Taking clothes to get dry cleaned is, for some people, a part of their normal routine. Whether it is done daily, weekly, or monthly we all have, at least at one point taken, a trip to the dry cleaner. You drop your shirt off, leave, and come back the next day to pick up your clean shirt that is now covered in plastic. But have you ever stopped to think what happens to your shirt when you drop it off? What are they actually doing to your shirt? Now I know this isn’t like you dropping of your kid at daycare every day and then one day it dawns on you and you think, “what DO they do all day.” It’s definitely less dramatic but could be interesting to investigate. So what does actually happen at the dry cleaners?

Let’s start from the beginning, dry cleaning was invented in 1855 by French dye-works owner Jean Baptiste Jolly. One day some kerosene spilled on his table cloth and he noted that the table cloth became cleaner so he dubbed this “dry cleaning” and that was that. Various solvents, like gasoline, were initially used in the dry cleaning process then the industry moved towards using perchlorethylene (perc) as its main solvent to dry clean clothes. What is perc? It’s a colorless, nonflammable liquid chemical that carries an ether-like (sweet) smell. This chemical in high levels can actually be really dangerous.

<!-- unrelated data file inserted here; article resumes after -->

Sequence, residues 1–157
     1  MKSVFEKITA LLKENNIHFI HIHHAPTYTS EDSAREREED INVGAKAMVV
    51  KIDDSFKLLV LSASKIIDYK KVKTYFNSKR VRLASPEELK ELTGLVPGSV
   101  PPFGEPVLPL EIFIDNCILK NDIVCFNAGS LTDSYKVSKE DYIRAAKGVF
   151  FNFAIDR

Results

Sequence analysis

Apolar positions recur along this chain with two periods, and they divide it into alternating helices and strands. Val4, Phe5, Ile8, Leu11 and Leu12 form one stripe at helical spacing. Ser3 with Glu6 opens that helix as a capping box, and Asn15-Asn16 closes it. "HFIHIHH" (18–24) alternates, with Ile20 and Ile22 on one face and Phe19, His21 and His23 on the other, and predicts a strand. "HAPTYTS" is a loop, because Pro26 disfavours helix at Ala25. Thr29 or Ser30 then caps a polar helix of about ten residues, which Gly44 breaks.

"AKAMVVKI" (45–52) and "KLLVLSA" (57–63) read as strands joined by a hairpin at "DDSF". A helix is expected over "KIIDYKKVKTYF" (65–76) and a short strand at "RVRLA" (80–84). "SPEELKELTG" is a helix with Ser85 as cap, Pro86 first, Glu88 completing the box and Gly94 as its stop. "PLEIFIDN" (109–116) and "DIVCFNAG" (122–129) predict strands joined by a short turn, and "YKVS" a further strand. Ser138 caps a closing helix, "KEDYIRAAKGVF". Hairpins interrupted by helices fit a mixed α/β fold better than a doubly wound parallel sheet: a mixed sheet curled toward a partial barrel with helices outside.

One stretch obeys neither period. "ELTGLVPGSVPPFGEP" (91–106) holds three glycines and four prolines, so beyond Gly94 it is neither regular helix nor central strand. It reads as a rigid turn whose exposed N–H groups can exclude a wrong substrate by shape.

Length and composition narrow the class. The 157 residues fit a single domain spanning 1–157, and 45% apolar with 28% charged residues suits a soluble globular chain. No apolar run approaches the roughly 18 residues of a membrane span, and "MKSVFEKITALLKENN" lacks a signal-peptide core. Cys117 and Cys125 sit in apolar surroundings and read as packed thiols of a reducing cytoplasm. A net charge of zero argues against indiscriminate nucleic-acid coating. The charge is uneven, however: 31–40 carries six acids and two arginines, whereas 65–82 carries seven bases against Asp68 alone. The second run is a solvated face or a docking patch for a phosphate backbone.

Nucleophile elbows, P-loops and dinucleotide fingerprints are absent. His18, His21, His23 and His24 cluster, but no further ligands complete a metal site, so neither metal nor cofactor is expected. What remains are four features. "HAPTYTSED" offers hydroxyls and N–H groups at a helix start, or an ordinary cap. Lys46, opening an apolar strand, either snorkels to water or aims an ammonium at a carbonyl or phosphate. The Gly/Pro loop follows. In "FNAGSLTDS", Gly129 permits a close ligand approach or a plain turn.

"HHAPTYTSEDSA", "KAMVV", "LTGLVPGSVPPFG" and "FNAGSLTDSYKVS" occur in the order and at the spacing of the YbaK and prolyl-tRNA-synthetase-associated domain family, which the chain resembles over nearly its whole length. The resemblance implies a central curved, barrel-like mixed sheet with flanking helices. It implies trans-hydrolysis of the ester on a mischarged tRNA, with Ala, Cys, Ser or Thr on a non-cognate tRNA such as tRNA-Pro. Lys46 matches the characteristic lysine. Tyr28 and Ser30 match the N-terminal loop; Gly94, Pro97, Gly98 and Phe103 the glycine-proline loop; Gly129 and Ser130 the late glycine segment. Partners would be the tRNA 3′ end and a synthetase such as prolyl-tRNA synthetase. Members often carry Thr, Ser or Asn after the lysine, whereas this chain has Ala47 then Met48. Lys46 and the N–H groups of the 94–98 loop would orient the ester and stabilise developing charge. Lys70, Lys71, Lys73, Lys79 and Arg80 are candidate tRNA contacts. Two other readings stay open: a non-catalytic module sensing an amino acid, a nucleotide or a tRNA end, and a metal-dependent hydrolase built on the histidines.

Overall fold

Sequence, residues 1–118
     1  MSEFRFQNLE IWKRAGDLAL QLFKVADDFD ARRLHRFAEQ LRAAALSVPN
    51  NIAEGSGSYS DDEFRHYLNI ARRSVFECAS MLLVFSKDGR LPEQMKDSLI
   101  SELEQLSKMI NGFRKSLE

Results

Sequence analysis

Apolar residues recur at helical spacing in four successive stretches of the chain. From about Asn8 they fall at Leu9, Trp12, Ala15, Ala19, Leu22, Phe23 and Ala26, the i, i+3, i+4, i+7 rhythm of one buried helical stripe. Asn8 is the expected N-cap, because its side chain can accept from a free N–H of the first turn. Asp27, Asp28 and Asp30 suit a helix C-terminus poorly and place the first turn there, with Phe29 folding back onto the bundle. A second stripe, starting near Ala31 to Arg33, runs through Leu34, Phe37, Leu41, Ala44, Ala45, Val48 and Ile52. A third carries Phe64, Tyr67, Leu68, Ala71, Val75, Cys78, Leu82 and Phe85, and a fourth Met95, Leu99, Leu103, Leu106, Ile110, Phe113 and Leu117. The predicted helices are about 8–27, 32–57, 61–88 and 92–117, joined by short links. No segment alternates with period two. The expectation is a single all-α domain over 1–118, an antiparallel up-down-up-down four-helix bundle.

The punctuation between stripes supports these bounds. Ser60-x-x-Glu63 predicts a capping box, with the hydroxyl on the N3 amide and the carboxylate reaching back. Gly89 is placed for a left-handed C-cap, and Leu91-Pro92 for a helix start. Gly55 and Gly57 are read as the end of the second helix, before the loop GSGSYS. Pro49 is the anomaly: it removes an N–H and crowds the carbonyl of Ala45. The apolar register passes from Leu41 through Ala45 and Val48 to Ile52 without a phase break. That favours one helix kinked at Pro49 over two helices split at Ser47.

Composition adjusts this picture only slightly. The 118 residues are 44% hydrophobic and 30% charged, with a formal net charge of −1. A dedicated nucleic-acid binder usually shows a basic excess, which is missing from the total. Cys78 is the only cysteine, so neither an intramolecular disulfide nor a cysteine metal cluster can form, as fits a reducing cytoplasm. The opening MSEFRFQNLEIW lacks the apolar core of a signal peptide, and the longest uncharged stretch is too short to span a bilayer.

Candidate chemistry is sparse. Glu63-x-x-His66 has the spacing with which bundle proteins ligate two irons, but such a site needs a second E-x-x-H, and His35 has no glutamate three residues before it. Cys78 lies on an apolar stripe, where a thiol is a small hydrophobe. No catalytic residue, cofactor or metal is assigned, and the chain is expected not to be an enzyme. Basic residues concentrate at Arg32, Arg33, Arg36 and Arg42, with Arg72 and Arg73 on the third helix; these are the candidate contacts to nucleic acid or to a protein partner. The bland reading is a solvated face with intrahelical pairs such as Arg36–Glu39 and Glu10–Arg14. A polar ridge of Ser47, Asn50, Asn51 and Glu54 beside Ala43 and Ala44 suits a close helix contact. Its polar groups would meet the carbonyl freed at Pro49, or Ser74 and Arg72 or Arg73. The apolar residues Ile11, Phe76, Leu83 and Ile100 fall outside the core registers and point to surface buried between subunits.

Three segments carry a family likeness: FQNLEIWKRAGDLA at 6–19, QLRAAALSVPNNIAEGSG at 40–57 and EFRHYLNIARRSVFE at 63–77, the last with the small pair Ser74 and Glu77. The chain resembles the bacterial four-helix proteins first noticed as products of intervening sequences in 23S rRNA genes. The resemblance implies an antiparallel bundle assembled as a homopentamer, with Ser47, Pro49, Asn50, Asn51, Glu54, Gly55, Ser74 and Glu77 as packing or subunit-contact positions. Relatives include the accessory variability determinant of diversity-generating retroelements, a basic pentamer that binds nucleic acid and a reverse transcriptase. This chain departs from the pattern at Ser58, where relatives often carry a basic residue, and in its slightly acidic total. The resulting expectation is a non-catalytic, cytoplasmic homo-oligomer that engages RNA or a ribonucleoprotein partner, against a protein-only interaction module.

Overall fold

After you’ve dropped off your garments most dry cleaners will put the clothes in a motor-driven cleaning machine that contains a perforated stainless-steel basket. The cleaning solvent (perc) is then routinely pumped into the basket while it is spinning, at the same time a filter is purifying the dirty solvent which is then re-circulated, this allows the business to save money while also staying somewhat green. The drying of the clothes usually takes place in the same machine as the washing process. After the clothes have been ‘cleaned’ the machine is then filled with warm air that is circulated through the cylinder which vaporizes the leftover solvents that are still clinging to the clean clothes. In a still, the solvent is purified and heated, only to then be re-condensed into liquid. This leaves the solvent clean so that it can now be pumped back into the tank. The clothes are re-inspected for stains and if okayed get covered in plastic and hung up in anticipation for your arrival. Riveting to say the least.